Tuesday, June 28, 2011

Roughing It

We go camping anywhere from 2-5 times a summer. The kids and The Man like to fish, I like cooking out in the open and soaking in the sun and fresh air. Sometime between the 18 and 24 hour mark, this feeling settles in, it's a slowness, a calmness of mind. Your muscles slacken, your movements slow. It's earthy and peaceful. We abandon the world of screens. I can't do laundry. There are no phones to answer. The sound of video games or the 700th viewing of Bolt are completely missing. I don't have to think, "What should I be doing? What's on my list today? When do I need to start dinner? Oh I need to call..." In the mountains we have no Facebook, Google chat, texts, emails, no constant communication. After a day away from town, marinating in the quiet of the mountains, I am hollow.

This weekend we went to Cold Springs Campground, near Council, Idaho. We've never been there before, but at 4800 feet, the elevation is right for June. Some of our favorite camping spots are still closed this time of year due to snow. Saturday morning we headed over to the Lost Valley Reservoir. When we got there, I was disgusted. The shoreline was packed with pickup trucks and boats. That's normal for an in-town lake, but even out in the middle of nowhere, it is becoming more common. People were everywhere. The sounds of motors, the smell of exhaust...these are the things we go camping to get away from. People haul up generators, lights, some people bring televisions. RV camping with refrigerators and air conditioning are tempting, but motoring around the trails at light speed on an ATV?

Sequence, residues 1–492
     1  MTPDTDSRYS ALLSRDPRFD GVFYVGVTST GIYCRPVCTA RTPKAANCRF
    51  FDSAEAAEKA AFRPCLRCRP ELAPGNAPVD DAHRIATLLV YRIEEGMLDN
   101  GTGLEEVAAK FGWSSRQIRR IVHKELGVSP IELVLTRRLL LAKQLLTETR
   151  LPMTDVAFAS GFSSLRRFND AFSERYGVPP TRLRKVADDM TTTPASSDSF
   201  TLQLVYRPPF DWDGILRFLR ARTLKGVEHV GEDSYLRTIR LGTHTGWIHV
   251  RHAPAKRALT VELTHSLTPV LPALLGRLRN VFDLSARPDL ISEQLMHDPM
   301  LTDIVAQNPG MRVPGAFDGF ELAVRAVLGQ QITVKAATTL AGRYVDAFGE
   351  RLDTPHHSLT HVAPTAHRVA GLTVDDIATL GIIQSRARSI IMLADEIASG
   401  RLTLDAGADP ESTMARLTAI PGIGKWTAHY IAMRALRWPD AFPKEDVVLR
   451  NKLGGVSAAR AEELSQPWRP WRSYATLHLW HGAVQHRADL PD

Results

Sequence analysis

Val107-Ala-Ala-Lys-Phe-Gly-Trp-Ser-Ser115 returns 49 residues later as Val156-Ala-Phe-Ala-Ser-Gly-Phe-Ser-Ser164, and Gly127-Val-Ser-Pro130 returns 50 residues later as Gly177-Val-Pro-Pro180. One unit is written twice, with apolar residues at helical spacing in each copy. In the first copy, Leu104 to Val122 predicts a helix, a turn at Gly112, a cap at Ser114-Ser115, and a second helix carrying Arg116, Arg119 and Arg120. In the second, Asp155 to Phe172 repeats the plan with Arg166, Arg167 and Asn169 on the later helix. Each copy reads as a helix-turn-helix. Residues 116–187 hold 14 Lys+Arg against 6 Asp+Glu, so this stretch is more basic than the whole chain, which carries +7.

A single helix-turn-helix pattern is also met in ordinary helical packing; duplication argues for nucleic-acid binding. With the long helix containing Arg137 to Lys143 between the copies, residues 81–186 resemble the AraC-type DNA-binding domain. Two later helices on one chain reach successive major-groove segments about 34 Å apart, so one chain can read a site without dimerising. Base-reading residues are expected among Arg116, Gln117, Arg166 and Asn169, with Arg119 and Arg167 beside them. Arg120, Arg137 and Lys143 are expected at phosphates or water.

I think about the gas that ends up in the water, the smog filling the air from dozens of exhaust pipes and I want to cry. I think about the transformation that could happen if those campers were to dismount their four-wheelers, climb to the top of the pine-covered mountain, lift their face to the sky, and just...breathe. If they were to stop creating so much poison and racket, if they closed their eyes and listened to the river of wind in the trees, the chipmunks skittering through pine needles, to feel the sun slowly sink into their skin...would they be so quick to flip on their portable T.V.s? Would they tear up the shore with their trailers? Rip up the hillside with their toys? Would they be so quick to toss their cans, their Caprisun pouches, their cigarette butts on the ground?

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